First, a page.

Cultivating Fair Chance Employment in Alameda County

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The Lawyers’ Committee for Civil Rights of the San Francisco Bay Area and the National Employment Law Project have launched a new project in Alameda County, supported by the Alameda County Department of Public Health’s Innovations in Reentry Fund. The project seeks to promote successful reentry by addressing the need for meaningful economic opportunity for formerly incarcerated people.

Drawing on national models and lessons learned through our current work, our project engages the employer community as a means of affecting the overarching economic environment in which formerly incarcerated people are struggling to succeed. This foundational work will help position reentry as an issue in which all community members, and businesses in particular, have a stake.

Business Leaders Summit on Reentry

In June and July of 2014, we hosted a series of events to convene business leaders in Alameda County to discuss the economic impact of barriers to reentry. Attendees at the events learned from business leaders about how fair chance hiring can help their bottom line and provide a second chance. They also heard from experts to demystify the process of hiring people with records, and had the opportunity to sign up for free legal advice on creating personnel policies to hire people with records..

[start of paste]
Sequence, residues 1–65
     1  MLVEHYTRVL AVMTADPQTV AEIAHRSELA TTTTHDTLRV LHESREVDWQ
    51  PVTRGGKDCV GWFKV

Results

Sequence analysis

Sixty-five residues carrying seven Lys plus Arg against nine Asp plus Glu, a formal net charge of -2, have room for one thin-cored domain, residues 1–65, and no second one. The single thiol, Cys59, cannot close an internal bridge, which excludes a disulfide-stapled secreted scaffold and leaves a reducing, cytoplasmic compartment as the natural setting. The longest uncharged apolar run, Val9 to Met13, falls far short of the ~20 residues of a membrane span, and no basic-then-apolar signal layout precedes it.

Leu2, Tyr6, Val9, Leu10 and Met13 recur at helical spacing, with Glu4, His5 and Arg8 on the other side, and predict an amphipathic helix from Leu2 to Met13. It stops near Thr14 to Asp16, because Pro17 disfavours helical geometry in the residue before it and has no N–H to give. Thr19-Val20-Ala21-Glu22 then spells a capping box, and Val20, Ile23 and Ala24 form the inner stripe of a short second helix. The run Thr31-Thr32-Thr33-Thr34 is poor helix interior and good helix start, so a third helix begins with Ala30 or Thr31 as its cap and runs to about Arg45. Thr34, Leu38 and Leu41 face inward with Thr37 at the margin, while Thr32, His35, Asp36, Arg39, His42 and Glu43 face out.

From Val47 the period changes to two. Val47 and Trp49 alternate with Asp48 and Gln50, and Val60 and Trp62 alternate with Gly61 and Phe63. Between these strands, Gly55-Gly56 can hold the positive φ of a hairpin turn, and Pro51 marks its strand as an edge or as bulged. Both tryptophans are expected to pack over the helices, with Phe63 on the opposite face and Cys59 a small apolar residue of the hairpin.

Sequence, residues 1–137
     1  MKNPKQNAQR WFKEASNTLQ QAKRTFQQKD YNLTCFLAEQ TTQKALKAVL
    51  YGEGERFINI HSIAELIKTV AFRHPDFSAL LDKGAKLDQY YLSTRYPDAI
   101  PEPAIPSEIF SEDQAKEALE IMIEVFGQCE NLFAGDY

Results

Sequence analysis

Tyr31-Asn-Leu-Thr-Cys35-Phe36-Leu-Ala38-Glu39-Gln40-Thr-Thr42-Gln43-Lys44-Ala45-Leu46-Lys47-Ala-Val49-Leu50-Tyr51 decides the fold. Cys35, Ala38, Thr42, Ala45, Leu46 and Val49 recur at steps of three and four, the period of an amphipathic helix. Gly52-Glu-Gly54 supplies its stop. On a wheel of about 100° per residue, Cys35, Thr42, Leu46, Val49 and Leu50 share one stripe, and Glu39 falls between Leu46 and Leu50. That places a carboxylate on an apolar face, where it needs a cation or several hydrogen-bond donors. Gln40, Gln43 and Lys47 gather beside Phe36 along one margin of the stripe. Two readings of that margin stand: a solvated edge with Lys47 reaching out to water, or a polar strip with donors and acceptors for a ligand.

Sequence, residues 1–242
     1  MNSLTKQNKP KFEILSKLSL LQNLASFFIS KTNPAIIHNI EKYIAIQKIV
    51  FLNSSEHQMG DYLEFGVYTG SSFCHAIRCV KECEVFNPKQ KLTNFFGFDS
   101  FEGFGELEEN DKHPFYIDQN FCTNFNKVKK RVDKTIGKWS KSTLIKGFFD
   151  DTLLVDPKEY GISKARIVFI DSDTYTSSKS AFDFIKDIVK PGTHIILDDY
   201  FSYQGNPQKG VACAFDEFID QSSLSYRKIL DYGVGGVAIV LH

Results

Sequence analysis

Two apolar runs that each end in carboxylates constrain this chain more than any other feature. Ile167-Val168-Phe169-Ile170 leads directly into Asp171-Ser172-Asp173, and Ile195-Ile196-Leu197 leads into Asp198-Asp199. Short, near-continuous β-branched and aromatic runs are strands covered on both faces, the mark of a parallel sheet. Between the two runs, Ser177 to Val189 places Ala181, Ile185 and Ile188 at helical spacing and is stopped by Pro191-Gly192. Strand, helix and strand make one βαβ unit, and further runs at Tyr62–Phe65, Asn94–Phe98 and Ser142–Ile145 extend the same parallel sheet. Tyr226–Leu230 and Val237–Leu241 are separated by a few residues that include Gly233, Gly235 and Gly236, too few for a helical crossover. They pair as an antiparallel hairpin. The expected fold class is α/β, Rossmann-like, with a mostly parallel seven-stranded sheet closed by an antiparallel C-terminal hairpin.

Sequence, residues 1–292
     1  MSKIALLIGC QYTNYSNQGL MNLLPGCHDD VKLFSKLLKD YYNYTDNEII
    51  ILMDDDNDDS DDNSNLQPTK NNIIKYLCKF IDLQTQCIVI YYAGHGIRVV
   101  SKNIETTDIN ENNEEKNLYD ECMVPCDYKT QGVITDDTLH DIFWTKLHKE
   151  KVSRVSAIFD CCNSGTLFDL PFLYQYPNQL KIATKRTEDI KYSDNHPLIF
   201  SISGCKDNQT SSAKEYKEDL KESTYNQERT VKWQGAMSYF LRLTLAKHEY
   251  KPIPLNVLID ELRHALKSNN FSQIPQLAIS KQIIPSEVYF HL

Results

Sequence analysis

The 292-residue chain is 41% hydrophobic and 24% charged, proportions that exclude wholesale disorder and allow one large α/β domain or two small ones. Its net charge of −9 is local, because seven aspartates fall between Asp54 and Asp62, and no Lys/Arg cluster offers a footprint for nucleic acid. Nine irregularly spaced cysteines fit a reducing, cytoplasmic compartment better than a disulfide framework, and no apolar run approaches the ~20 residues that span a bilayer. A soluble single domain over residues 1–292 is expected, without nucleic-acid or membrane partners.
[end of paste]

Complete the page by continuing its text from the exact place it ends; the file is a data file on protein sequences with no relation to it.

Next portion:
Public Education Campaign

In the fall of 2014, we launched a public education campaign to raise awareness among hiring decision-makers about the untapped talent that is overlooked when employers screen out people with past criminal records. A Good Hire: Resources for Finding Undiscovered Talent provides information about “fair chance” hiring practices that will allow help employers reach this untapped pool of talent.

Education and Training

  • For businesses, we offer training workshops as well as individualized counsel and advice on hiring practices, personnel policies, and other legal issues related to fair chance hiring.
  • For job-seekers and entrepreneurs, we provide legal information about rights and protections, and help give direction to those interested in starting their own small businesses.
  • For workforce development centers, we support education of resource specialists and help implement practices currently required by the U.S. Dept. of Labor.

For more information about this project, please contact: Meredith Desautels, Lawyers’ Committee for Civil Rights, mdesautels@lccr.com, 415-543-9444, x223.